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The XGBoost Classifier I built is consistently returning a f1 score of 0 and I am unable to fix this despite experimenting with various hyperparameters. The data is heavily imbalanced and hence I feel the model in trying to maximize accuracy is behaving like this . Even changing the eval_metrics to use "aucpr" had no effect. I have searched on Google quite a bit but am unable to find out how to increase the f1 score as either I get high precision or high recall but not both . Please let me know if I am missing something

This is the code I am using. The csv file has 100,000 rows and 2 numeric columns as the feature set and 1 response variable (0 or 1) hence no transformation was carried out .

df = pd.read_csv("Output\\SimulatedData.csv")
X = df.drop('Response', axis=1)
y = df["Response"]
X_train, X_test, y_train, y_test = train_test_split(X, y, test_size=0.2, stratify=y, random_state=25)

estimator_ = XGBClassifier(objective='binary:logistic',  eval_metric='aucpr')
estimator_.fit(X_train, y_train)
y_pred = estimator_.predict(X_test)
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    $\begingroup$ precision, recall, f1 score depend on the cut-off value. Change your cut-off value you will get a different answer. I suggest tuning the cut-off value for your business problem if still want to use f1 score. Better is to use a proper scoring rule - fharrell.com/post/class-damage. Like Darkness says below, get more data. Does your business problem really only have 2 features? The file says simulateddata. Simulate more data. Personally I do not like smote and over/under sampling may not be needed. You did not mention the imbalance ratio. Every model does not need 50-50 split. $\endgroup$
    – Craig
    Commented Nov 17, 2022 at 10:08
  • $\begingroup$ Please let me know how I can change the cut off value .The actual business problem has 100,000 rows and 40 columns. This data has been simulated with 2 columns to better understand why the model does not work. The imbalance ratio is 93:7 .Thanks in Advance $\endgroup$
    – J.Sriram
    Commented Nov 18, 2022 at 3:01
  • $\begingroup$ predict_proba() gets the probability. Then the cutoff value is optimized for the problem. Usually take in benefits/revenue of TP & TN vs costs of FP & FN. Or some other optimization or business problem metric. 93-7 is not heavily imbalanced. I typically work with models in the 99.99 to 0.01 and less. If I rebalance, I do not go above 90-10. But when there is a 99.99 to 0.01 I might go to 99-1. Instead of focusing on imbalance and hyperparameters, I recommend to focus on the data and cutoff with data priority. Maybe the data is not separable or you need more. $\endgroup$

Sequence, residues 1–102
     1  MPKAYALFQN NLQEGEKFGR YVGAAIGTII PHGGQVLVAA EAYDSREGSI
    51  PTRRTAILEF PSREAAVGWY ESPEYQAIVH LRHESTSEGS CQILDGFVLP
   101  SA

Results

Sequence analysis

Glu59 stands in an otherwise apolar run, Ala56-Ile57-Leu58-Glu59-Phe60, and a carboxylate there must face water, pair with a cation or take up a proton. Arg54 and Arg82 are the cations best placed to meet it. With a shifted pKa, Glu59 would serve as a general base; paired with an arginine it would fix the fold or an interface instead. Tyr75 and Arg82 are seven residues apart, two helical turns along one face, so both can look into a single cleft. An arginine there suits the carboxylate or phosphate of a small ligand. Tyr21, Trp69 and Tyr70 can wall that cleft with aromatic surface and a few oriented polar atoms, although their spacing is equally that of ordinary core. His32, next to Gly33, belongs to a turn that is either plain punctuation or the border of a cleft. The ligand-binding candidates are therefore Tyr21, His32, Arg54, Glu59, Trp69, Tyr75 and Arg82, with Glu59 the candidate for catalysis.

– Craig
    Commented Nov 18, 2022 at 11:39
  • $\begingroup$ Using predict_proba() and a proper scoring rule as described by the link you shared has solved my issue . Thanks for your help. Please add it as an answer instead of a comment so that I can close this question $\endgroup$
    – J.Sriram
    Commented Nov 19, 2022 at 5:18

3 Answers 3

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I see you are more concentrated on trying to hyper optimize the model than actually looking into and solving the real problem here, which in my opinion is the data. It's almost always the data.

My solution would be to try and get more samples in a synthetic or non-synthetic way. Have you tried implementing any over-sampling techniques such as SMOTE or ADASYN and then running XGBoost?

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  • $\begingroup$ the problem I feel is the imbalance in the data but since it can't be changed I was trying to change the model . Yes , I did try smote and adasyn but it did not result in any significant improvement . Nor did specifying scale_pos_weight . $\endgroup$
    – J.Sriram
    Commented Nov 18, 2022 at 3:08
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Setting eval_metric doesn't change the learning behavior except for early stopping.

[...] the model in trying to maximize accuracy [...]

This is not what the model tries to do: it is optimizing the log-loss.

Tuning the decision threshold is probably the first thing to try; there is a (not exact) tradeoff between precision and recall as you move that threshold, so your experience in seeing a good score for one or the other means somewhere in between should be something more suitable.

Setting class weights will produce roughly the same results as changing the decision threshold, and might be easier especially in the context of a hyperparameter search.

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The answer which has been provided by Craig as a comment above is to use predict_proba() to get the probability and then to use a proper scoring rule.

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